^               ^                 ^

FWIW I noticed an additional elimination in the Dobrichev Exocet puzzle - r1c3 <> 2. All 4 base digits occur in the cross lines in r12c357, so when 2 has been eliminated from the base cells r12c3 must eventually contain the two True base digits.

For this puzzle this followed trivially anyway, because r89c12 contained, no 2's. However, if they had contained 2's the elimination would still be valid and you could then also eliminate any 2's in r89c12.

Leren
Leren
 
Posts: 2618
Joined: 03 June 2012

Re: JExocet Pattern Defintion

Postby David P Bird » Tue Aug 05, 2014 7:21 am

Leren wrote:It may simplify your argument to note ...

Leren, yes, all your points are sound. However, a similar truth counting approach is used to prove that the two target cells must contain different base digits, and I was considering how the explanation of this situation could be tacked onto that.

David
David P Bird
2010 Supporter
 
Posts: 935
Joined: 16 September 2008
Location: Middle England

Re: JExocet Pattern Defintion

Postby Leren » Tue Aug 05, 2014 11:50 am

Hi David, The following diagrams are an attempt at a proof of why, for 2 base digits that have 2 Truths in the S cells, exactly one of each such digit must end up in a Target cell.

Code: Select all
   CL1   CL2    CL3          CL1   CL2    CL3          CL1   CL2    CL3          CL1   CL2    CL3
. . A | . A  . | A  . .   . . A | . A  . | a  . .   . . A | . a  . | a  . .   . . A | . A  . | a  . .
. . \ | . \  . | \  . .   . . \ | . \  . | \  . .   . . \ | . \  . | \  . .   . . \ | . \  . | \  . .
. . B | . b  . | b  . .   . . B | . b  . | b  . .   . . B | . b  . | b  . .   . . B | . b  . | B  . .
------+--------+-------   ------+--------+-------   ------+--------+-------   ------+--------+-------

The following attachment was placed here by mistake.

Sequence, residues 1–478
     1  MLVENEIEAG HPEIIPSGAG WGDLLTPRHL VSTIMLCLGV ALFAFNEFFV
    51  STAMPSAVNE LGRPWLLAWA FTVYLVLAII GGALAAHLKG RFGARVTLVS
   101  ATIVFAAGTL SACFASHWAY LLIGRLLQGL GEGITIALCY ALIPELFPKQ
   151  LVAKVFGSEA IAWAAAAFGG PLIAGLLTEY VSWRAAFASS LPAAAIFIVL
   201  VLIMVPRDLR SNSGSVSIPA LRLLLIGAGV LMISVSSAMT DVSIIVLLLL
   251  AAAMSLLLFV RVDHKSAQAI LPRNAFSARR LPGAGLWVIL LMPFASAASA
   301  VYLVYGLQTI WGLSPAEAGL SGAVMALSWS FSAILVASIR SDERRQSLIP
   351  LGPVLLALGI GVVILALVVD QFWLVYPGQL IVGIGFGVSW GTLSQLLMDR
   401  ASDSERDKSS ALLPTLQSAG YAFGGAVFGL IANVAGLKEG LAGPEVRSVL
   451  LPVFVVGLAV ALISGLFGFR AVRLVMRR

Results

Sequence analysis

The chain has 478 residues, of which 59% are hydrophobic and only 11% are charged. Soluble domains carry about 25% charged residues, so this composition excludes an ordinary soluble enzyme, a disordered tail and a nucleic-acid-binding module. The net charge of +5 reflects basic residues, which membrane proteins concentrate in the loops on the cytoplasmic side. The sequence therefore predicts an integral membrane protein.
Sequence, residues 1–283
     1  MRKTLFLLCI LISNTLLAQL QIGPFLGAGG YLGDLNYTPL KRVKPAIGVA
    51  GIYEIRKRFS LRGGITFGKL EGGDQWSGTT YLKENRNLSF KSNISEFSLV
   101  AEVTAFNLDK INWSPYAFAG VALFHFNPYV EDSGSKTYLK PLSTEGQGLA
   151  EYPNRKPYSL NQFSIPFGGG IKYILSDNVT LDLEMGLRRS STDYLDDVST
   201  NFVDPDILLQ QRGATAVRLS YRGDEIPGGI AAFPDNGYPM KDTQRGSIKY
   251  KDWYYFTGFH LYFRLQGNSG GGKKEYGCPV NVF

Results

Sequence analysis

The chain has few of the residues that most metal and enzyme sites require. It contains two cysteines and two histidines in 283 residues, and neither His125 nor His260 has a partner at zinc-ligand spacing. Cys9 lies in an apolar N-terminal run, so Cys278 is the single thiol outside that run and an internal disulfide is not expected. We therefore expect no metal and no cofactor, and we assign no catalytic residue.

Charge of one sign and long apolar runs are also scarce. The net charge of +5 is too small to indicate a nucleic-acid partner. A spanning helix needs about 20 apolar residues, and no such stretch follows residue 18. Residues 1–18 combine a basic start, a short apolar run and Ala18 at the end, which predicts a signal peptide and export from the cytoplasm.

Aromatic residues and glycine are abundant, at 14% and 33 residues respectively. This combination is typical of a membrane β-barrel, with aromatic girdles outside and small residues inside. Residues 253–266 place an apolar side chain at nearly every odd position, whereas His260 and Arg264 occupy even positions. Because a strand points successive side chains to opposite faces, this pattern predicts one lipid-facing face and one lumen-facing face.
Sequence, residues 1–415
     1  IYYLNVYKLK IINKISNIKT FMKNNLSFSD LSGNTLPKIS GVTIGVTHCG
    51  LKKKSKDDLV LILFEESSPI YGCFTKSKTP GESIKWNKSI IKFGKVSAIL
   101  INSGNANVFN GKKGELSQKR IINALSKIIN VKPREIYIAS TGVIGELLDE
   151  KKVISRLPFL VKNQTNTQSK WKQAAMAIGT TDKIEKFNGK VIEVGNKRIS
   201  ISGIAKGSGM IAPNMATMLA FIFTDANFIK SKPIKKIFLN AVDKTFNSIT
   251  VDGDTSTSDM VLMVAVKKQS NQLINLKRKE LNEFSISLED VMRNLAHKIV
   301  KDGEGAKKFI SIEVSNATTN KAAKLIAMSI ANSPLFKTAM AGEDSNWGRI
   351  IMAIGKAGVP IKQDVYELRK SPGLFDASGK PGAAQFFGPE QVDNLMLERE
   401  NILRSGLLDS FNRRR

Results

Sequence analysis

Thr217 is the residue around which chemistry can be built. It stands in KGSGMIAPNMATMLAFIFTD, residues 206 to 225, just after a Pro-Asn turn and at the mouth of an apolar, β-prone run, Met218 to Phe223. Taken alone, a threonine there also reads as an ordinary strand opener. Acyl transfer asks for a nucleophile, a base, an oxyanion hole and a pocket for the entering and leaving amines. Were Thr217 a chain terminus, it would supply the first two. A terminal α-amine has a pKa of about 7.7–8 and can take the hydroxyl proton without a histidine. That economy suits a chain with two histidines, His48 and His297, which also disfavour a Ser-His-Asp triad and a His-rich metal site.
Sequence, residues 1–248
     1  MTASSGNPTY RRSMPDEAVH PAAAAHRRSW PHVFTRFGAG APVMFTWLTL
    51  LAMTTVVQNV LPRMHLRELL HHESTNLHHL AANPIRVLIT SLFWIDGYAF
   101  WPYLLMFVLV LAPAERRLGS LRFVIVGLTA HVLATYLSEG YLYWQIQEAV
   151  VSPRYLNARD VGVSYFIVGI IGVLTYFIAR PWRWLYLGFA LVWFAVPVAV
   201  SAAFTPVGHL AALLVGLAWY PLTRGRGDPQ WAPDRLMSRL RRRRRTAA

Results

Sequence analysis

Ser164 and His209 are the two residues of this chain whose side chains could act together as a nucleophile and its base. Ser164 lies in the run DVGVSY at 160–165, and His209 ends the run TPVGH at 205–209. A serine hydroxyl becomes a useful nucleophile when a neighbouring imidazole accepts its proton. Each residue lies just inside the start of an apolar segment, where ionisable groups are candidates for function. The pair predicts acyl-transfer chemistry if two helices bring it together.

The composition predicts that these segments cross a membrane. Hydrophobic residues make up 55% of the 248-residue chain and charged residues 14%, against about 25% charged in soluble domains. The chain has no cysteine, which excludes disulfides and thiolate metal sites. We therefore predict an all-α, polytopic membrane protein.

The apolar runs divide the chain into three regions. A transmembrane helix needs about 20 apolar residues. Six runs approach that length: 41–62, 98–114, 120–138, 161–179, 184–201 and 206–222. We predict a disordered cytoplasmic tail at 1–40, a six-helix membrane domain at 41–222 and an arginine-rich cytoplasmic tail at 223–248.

. . a | . A  . | A  . .   . . a | . A  . | A  . .   . . a | . A  . | A  . .   . . a | . A  . | A  . .
. . b | . B  . | B  . .   . . b | . B  . | B  . .   . . b | . B  . | B  . .   . . b | . B  . | B  . .
. . \ | . \  . | \  . .   . . \ | . \  . | \  . .   . . \ | . \  . | \  . .   . . \ | . \  . | \  . .
------+--------+-------   ------+--------+-------   ------+--------+-------   ------+--------+-------
a b . | . AB . | AB . .   a b . | . AB . | AB . .   a b . | . AB . | AB . .   a b . | . AB . | AB . .
. . . | . a  . | \  . .   . . . | . a  . | \  . .   . . . | . c  . | \  . .   . . . | . a  . | \  . . 
. . . | . \  . | a  . .   . . . | . \  . | c  . .   . . . | . \  . | c  . .   . . . | . \  . | b  . .


In the first diagram I've assumed that one digit, a, occupies both target cells. There are 2 contradictions here : 1. a is forced to only have 1 truth in the S cells - contradicting the assumption and 2. b can only be in r3c57 which forces at least one of CL2 or CL3 to be void of b. In the second and third diagrams I've assumed that a third digit c occupies one or both of the Target cells. In the second diagram b is void in CL2 and/or CL3 and in the third diagram both a and b are void in CL2 and/or CL3. The fourth diagram has a in one target cell and b in the other, and as far as I can tell there is no contradiction, although I think there is some restriction on how many of the a's and b's can be missing in the S cells.

So this is my version of the similar Truth counting approach for two 2 Truth digits you alluded to.

Since the first diagram effectively has no a's in Row 1 in the crosslines, it also shows that mixing a single truth digit with a 2 truth digit results in a contradiction, which can't be avoided.

Looking at various combinations of 1 and 2 Truth digits I've come up with the following table

Code: Select all
                ------------------------------------------------------------------------------------------
                | Base Digit 1 | Base Digit 2 |  Target Cell Contents  |           Contradiction         |
----------------------------------------------------------------------------------------------------------
S Cells Truths  |       2      |      2       |        BD1 + BD2       |              None               |
S Cells Truths  |       2      |      1       |        BD2 + BD2       |    BD1 Void in CL2 &/or CL3     |
S Cells Truths  |       1      |      1       |      BD1&2 + BD1&2     | BD1 or BD2 Void in CL2 &/or CL3 |
----------------------------------------------------------------------------------------------------------

This is supposed to show that mixing 1 and 2 Truth digits in the base cells will result in an unavoidable contradiction, which can always be expressed in terms of CL2 and/or CL3 being void of a 2 Truth base digit.

Two 1 Truth digits in the base cells will result in an unavoidable contradiction, which can always be expressed in terms of CL2 and/or CL3 being void of either or both of the 1 Truth base digits.

Leren
Leren
 
Posts: 2618
Joined: 03 June 2012

Re: JExocet Pattern Defintion